The Fed owns a mall in Oklahoma city (and a Hilton in Puerto Rico, and Opera House in Chicago).
It seems obvious that when a city is chosen to host a major event — political convention, Super Bowl, Olympics — this provides a natural economic boost to the city’s economy. If any city is deserving of such a boost it is New Orleans, which will be hosting the 2013 Super Bowl for the first time since Hurricane Katrina. (It will be the 10th time the city has been the site of the championship.)
And like many governments that find themselves chosen for a major sporting event, the Louisiana legislature is deciding if it should spend $85 million in Superdome upgrades. However, the boost is largely symbolic: while New Orleanians may feel a sense of pride over the selection, and the stadium will get another make over, economic gains are very likely to be fleeting and possibly negative.
Much academic work has been done assessing the impact of sporting events on regional economies. The findings generally show little lasting impact on host cities. Robert Baade finds the primary beneficiaries of taxpayer subsidies for stadiums are team owners, and players, not local residents.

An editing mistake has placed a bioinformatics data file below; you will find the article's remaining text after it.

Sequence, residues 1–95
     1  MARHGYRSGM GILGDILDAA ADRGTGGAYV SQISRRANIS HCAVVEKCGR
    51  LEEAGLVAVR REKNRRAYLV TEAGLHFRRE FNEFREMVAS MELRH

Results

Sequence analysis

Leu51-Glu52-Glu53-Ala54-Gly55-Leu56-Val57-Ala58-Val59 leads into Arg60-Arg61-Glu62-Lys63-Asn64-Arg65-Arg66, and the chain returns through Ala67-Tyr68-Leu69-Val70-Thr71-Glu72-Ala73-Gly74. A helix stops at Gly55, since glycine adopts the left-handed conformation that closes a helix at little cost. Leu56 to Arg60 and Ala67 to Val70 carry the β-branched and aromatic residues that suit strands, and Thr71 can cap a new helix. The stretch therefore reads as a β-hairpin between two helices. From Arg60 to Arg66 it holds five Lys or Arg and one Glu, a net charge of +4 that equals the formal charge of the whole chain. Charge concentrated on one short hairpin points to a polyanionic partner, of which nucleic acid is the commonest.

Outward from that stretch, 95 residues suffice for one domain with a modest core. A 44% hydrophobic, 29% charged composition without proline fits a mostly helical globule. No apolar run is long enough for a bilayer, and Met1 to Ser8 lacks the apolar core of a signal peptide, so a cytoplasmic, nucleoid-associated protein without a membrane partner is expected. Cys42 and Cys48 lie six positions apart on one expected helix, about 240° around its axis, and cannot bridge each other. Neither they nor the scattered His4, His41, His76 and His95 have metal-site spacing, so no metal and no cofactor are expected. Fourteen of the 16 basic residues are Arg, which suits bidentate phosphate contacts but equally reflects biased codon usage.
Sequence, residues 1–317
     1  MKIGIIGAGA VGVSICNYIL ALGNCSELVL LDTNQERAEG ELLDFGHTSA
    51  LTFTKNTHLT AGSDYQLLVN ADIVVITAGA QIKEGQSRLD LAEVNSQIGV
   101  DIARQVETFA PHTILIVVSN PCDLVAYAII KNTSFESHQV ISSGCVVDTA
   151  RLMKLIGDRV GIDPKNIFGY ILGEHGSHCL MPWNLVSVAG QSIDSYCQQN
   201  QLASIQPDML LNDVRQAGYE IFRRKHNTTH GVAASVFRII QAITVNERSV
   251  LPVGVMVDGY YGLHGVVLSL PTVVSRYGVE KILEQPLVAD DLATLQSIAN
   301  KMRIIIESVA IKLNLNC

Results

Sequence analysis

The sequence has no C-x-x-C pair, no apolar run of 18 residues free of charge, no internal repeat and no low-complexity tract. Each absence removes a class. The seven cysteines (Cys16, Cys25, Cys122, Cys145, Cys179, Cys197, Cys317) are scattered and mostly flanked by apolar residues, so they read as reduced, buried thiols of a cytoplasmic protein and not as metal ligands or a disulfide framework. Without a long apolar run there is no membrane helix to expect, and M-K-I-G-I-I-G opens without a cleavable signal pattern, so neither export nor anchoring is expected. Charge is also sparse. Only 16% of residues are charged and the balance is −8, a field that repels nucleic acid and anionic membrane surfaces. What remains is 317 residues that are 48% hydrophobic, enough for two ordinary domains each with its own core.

University of Maryland economist Dennis Coates, writing in The American, finds since 1990 Major League Baseball has opened 19 new stadiums, the NFL opened 17, and the NBA over 20. These projects are highly subsidized on the federal, state and local levels, with the public bearing as much as 63 percent of the cost. Coates and fellow economist Brad Humphreys find in an analysis of of wages between 1969 and the 1990s in metro areas where these stadiums reside is that incomes actually decreased.
Why? Consumer spending on sports replaces consumption of other kinds of entertainment, and the spending patrons undertake has a relatively small multiplier effect in real the local economy. Athletes get the income boost. And to top it off, increased local subsidies to the franchise redirect tax revenues from other use, making the local economy less efficient.
While local and state governments might like to think otherwise, being chosen as a host city may be as much an economic drain as a publicity boon.